I heard that much of what Lonnie says to Clover in that scene was improvised, and if that’s actually the case it’s even more impressive because it’s just so fucking raw and heartfelt and anguished and honest, and totally without the pretense, preciousness, or the rough edges that tend to permeate the low-budget indie.

This is an assured directorial debut that goes beyond what we often see out of indie filmmakers; there’s obviously some improvisation going on, but much like Lynn Shelton’s Humpday, it feels more an attempt to evoke Mike Leigh than a mumblecore aesthetic. And believe me when I say, I mean that in a good way.

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“You know, I was never a critic. I never considered myself as a film critic. I started doing short films, writing screenplays and then for awhile, for a few years I wrote some film theory, including some film criticism because I had to, but I was never… I never had the desire to be a film critic. I never envisioned myself as a film critic, but I did that at a period of my life when I thought I kind of needed to understand things about cinema, understand things about film theory, understand the world map of cinema, and writing about movies gave me that, and also the opportunity to meet filmmakers I admired.

“To me, it was the best possible film school. The way it changed my perspective I suppose is that I believe in this connection between theory and practice. I think that you also make movies with ideas and you need to have ideas about filmmaking to achieve whatever you’re trying to achieve through your movies, but then I started making features in 1986 — a while ago — and I left all that behind.

“For the last three decades I’ve been making movies, I’ve been living, I’ve been observing the world. You become a different person, so basically my perspective on the world in general is very different and I hope that with every movie I make a step forward. I kind of hope I’m a better person, and hopefully a better filmmaker and hopefully try to… It’s very hard for me to go back to a different time when I would have different values in my relationship to filmmaking. I had a stiffer notion of cinema.”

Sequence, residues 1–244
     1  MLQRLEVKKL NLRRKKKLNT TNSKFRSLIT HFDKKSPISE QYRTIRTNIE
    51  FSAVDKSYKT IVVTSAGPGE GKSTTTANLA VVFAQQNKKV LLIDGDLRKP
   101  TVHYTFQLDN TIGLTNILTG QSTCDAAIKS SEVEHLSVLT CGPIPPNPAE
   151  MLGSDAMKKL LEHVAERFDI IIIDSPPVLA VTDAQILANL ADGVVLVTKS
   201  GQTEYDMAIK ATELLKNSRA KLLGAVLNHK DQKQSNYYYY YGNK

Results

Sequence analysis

~ Olivier Assayas

A Spirited Exchange

“In some ways Christopher Nolan has become our Stanley Kubrick,” reads the first sentence of David Bordwell’s latest blog post–none of which I want or intend to read after that desperate opening sentence. If he’d written “my” or “some people’s” instead of “our”, I might have read further. Instead, I can only surmise that in some ways David Bordwell may have become our Lars von Trier.”
~ Jonathan Rosenbaum On Facebook

“Jonathan has written a despicable thing in comparing me to Trump. He’s free to read or not read what I write, and even to judge arguments without reading them. It’s not what you’d expect from a sensible critic, but it’s what Jonathan has chosen to do, for reasons of a private nature he has confided to me in an email What I request from him is an apology for comparing my ideas to Trump’s.”
~ David Bordwell Replies

“Yes, I do apologize, sincerely, for such a ridiculous and quite unwarranted comparison. The private nature of my grievance with David probably fueled my post, but it didn’t dictate it, even though I’m willing to concede that I overreacted. Part of what spurred me to post something in the first place is actually related to a positive development in David’s work–an improvement in his prose style ever since he wrote (and wrote very well) about such elegant prose stylists as James Agee and Manny Farber. But this also brought a journalistic edge to his prose, including a dramatic flair for journalistic ‘hooks’ and attention-grabbers, that is part of what I was responding to. Although I realize now that David justifies his opening sentence with what follows, and far less egregiously than I implied he might have, I was responding to the drum roll of that opening sentence as a provocation, which it certainly was and is.”
~ Jonathan Rosenbaum Replies